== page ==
Family launches search for beloved dog residents learn spirit of giving after the storm

NEIGHBORS

January 15, 1996|By Lois Szymanski | Lois Szymanski,SPECIAL TO THE SUN

BOB RAINEY of Westminster was hanging Christmas lights Dec. 6 with his family dog, Pabst, nearby. A moment later, Pabst was gone. Alison Rainey says, "He just disappeared."

Since then, family members have launched an intensive search for the dog they have owned for 11 years. The search has made Mrs. Rainey aware of the problem of lost dogs and has landed the family a chance to appear on a local cable television show.

"We are just heartbroken," Mrs. Rainey said. "He is like a part of the family. Some nights I can't stop sobbing. On Christmas Eve, I sat by the sliding glass door, just watching out for him, hoping he would come home. Our whole Christmas was ruined. My kids are so upset."

The Rainey children are Kelley, 14, Kimberly, 12, and Rachel, 5.

The Raineys have tried to turn their grief into action. They have handed out more than 800 fliers with Pabst's picture and description. Pabst was last seen Dec. 6 on Bowersox and Stone Chapel roads.

The Raineys have visited many animal shelters, one as far away as Cockeysville. State and county road crews are helping the family look.

Mrs. Rainey remains optimistic.

"We've responded to at least four calls, but none of the dogs were ours. We even followed paw tracks in the snow and mud hoping to find him."

Mrs. Rainey said Pabst is not one to wander. "We keep him in the house and, when he is outside, he lies on the deck. He sticks around. Sometimes he does get sneaky and slips off. But he always comes back."

It was Mrs. Rainey who found Pabst when he was about 9 months old.

Knowing someone would be heartbroken, she made every effort to find his owner. It was only after she had provided the puppy with all of his shots and fed and cared for him for a while that she found his owner and, regretfully, returned him.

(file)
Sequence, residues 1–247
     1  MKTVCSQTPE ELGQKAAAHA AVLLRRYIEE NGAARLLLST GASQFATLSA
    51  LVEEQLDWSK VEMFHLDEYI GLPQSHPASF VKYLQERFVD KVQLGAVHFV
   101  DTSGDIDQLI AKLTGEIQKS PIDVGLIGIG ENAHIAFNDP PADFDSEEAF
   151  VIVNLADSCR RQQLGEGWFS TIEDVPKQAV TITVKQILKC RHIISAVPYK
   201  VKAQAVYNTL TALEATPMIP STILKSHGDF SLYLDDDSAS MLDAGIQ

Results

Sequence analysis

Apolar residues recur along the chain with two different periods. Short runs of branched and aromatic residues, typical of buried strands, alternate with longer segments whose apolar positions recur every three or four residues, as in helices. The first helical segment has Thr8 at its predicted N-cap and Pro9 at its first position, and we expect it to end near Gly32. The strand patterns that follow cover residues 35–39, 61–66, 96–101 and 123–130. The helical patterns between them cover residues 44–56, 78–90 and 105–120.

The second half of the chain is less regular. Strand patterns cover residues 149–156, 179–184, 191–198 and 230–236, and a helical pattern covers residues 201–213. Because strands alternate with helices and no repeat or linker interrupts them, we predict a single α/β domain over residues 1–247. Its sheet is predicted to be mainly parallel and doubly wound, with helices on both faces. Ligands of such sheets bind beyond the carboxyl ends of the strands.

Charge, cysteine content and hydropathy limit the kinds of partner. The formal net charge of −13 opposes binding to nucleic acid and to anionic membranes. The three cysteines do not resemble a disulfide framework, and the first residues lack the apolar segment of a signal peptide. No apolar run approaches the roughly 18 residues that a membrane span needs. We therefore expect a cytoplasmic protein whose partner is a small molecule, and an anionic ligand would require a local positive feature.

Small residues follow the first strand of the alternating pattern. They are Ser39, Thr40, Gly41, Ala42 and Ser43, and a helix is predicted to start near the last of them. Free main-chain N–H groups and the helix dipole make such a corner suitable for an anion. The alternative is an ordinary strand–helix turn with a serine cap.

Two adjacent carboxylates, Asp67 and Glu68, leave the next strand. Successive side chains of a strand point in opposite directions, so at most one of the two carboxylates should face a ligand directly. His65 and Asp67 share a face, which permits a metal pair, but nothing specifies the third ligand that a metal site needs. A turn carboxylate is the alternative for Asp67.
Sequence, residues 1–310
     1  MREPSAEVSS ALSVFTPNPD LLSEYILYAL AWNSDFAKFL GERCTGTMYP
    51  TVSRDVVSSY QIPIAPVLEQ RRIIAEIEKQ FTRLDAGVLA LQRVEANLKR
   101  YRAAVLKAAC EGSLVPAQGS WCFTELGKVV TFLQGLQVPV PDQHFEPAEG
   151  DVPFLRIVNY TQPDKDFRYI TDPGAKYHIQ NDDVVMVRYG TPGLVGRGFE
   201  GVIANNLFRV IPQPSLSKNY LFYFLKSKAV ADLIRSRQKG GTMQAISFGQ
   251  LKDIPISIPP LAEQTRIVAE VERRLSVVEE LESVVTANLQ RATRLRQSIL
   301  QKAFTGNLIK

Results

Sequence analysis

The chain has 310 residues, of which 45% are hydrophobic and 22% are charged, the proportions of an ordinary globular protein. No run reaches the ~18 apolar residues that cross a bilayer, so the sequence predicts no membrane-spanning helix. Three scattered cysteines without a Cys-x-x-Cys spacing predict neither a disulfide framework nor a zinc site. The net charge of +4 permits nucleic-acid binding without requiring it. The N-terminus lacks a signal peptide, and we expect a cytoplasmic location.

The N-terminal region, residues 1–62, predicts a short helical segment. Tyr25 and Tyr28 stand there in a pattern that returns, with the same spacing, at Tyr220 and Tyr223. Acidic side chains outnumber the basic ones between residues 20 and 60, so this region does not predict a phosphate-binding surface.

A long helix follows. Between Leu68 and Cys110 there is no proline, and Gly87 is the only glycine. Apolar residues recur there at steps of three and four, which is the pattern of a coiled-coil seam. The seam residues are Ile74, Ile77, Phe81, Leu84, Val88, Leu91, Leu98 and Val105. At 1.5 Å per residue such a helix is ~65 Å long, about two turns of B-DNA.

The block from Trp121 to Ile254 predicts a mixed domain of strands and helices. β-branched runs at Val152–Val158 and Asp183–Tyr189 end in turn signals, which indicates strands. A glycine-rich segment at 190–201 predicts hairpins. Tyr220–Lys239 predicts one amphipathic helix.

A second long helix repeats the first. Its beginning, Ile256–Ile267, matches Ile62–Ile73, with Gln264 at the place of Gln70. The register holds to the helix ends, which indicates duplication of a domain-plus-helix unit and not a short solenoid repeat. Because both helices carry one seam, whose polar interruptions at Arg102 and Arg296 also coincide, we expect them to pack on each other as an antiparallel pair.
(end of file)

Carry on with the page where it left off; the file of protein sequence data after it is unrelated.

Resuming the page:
Mrs. Rainey was overjoyed when the dog's owner called a few weeks later to ask if she wanted to keep the puppy.

The family taped a segment Saturday on a show called "Unsolved Crimes in Carroll County," which is produced by psychologist Steve Menick and airs on cable Channel 19.

Mrs. Rainey said Rachel says a prayer every night.

"I know someone out there knows where he is, and whether he is dead or alive, and I wish they would just tell us," Mrs. Rainey said.

Pabst is a small to medium collie and terrier mix. He is thin, 20 to 30 pounds, with wiry, medium-length hair. He is mostly tan, but his back is darker. He has a white strip on his nose and a white muzzle, a white chest and belly, and white on his paws and one leg. He was wearing a purple collar.

Anyone with information can call the Raineys at 875-2808. A reward is offered.

Band seeks members

Westminster Municipal Band is seeking members. The band rehearses from 8 p.m. to 10 p.m., Mondays, October through April.

The band was formed in 1893. It has 56 active musicians and 11 color guard members.

For information, call Richard Hill at 848-3703 or Greg Wantz, band president, at 848-8852.

Neighbors help with snow

After the hush of heavy falling snow and the howling winds that came in on the backside of the blizzard, the sun came out Monday morning as if to mock us with its smile.

It seemed as if half the people who live in the tiny town of Union Mills were outside, swinging shovels, pushing snow blowers, talking in small groups about the storm we had all made it through.

Weaving his way through the flying snow, neighbor Rick Sparacino went door to door, note pad in hand.

"I'm going to make a run to the store," he said cheerfully. "Does anyone need anything?"

Although the local Brewer's Market was closed, as well as supermarkets in Westminster, Mr. Sparacino, who had just finished digging out his four-wheel-drive vehicle, found that the Westminster Giant was open.

His stop to check on the needs of others was just the kind of neighborliness the storm seemed to carry.

No mail was delivered, folks had nowhere to go, yet they seemed to make the best of it.

And even though they knew they didn't have a choice, it was just like a Carroll County resident to go about it with a smile waiting for the next storm to hit.

Lois Szymanski's Central Carroll neighborhood column appears each Monday in the Carroll County edition of The Sun.

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